I had ridden for about 3 hours without stopping, and I was figuring that I should be seeing some form of civilization as I was beginning to watch the fuel guage, and it was beginning to feel like an incredibly long 100 km. run.
I came around a corner, and there was an old Toyota Land cruiser parked off to the side of the road, and two guys and a girl doing some sort of fast track kung fu or martial arts practice to music coming from somewhere. They didn't stop as I passed, and I didn't stop because my old brain couldn't adjust to the picture I was seeing. Further on, there was a guy coming out of a plastic shelter that he had constructed beside what I was calling a road. Fully bearded, he acknowledged me, and waited to see how I was going to negotiate the biggest bloody mudhole I have ever seen, which was just up from his "tent". I stopped the bike and walked the mud, trying to determine a line which would get Blondy and I through without mishap. This mud is the ugly red kind which may be good for pottery but hell on bikes and slippery as anything. I got back on Blondy and through luck more than skill managed to get her through, without looking back at the weirdness I had just encounterd.
Further on, came across the main commune, which I had decided that the group of people must be. I was seeing kids, old trucks, and lots of plastic "houses." There was a super-large dome which appeared to serve as a common meeting house. There were some buildings that reminded me of the sixties, and it was pretty clear that this group of folks were out there for a reason. I waved at the girls and the kids, and everybody seemed pleasant and amiable to the mud soaked moto travelling through their turf.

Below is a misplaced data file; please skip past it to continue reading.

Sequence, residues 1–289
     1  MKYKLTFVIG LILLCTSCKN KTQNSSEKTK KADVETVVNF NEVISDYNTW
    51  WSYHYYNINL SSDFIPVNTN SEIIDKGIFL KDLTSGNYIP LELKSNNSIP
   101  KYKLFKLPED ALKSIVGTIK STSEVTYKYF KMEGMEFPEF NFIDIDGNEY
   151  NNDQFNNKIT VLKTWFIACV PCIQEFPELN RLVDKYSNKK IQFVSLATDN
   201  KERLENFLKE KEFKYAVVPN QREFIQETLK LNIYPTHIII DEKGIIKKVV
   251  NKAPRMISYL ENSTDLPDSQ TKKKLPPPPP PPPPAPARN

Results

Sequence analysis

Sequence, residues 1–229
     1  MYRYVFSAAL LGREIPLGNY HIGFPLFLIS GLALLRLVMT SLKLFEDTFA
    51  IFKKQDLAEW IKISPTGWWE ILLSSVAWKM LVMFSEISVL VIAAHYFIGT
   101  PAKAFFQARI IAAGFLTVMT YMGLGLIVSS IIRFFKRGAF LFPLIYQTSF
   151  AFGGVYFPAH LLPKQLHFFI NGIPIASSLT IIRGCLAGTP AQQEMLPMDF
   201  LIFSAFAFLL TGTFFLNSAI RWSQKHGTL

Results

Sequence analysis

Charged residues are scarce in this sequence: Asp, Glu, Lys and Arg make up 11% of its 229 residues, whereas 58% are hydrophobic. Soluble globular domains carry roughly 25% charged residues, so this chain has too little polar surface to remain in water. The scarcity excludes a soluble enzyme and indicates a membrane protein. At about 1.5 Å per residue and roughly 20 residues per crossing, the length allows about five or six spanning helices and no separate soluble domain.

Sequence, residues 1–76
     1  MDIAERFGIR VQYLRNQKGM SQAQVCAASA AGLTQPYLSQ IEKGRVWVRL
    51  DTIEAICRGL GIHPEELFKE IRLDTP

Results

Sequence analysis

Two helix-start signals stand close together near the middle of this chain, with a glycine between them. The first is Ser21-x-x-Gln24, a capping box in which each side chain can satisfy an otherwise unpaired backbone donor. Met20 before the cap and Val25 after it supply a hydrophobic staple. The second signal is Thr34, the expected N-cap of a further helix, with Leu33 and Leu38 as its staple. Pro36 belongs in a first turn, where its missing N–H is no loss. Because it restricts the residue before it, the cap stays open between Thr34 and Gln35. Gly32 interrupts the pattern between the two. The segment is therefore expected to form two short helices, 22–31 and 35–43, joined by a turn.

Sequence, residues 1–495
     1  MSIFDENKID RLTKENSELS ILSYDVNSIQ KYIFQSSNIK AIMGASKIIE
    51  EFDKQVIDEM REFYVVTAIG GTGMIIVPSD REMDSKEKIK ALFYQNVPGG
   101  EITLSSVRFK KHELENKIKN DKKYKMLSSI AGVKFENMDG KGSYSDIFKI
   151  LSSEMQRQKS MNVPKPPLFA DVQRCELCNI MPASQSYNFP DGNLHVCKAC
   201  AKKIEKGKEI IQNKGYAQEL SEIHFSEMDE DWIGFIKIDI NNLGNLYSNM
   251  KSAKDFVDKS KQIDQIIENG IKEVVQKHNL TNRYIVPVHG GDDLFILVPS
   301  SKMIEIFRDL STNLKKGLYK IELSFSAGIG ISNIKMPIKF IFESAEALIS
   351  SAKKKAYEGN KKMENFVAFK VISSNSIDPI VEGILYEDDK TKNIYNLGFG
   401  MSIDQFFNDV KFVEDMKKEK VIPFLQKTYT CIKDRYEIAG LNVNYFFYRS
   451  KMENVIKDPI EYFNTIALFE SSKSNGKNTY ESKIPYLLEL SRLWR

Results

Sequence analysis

As quickly as the people and their houses had appeared, the road swallowed them up, and I was back to fighting rocks and mud as I descended further into the western valley. Now, I was dealing with cows, goats, and the odd horse who were using the road to travel on. I think I killed a baby chicken, or maybe it was a baby turkey, but I didn't stop to check, and there weren't any feathers on my boots,so maybe he did zag when I zigged...
I had to stop and use my last liter of fuel to fill up Blondy, as she was sputtering and threatening to die. I managed to hit a gas station on the outskirts of Charala, and after wandering around that little town looking for the out, I managed to get back on track for San Gil.
I came into San Gil from the north, and immediately began recognizing the town from my visit there in December. There was a couple of bridges across a wide river, and Uli and I had toured the local park and taken some photos. As well, this was the town with the hugely steep inclines, where we had wandered around trying to find a place to stay, as well as some flat area to keep our bikes upright. Thankfully, I had picked up a name of a hotel from ADV rider, and after some preliminary issues, found Hotel Abril and good parking for Blondy. It looks like I am boxed in by the other guests, so I won't be getting out of here at 6:00 in the morning, but that is okay too. I regret that that me camera batteris were not charged properly, as I would have liked to have taken some pics of the "short-cut" to San Gil, as well as the weird group of folks who are living up there in the hills....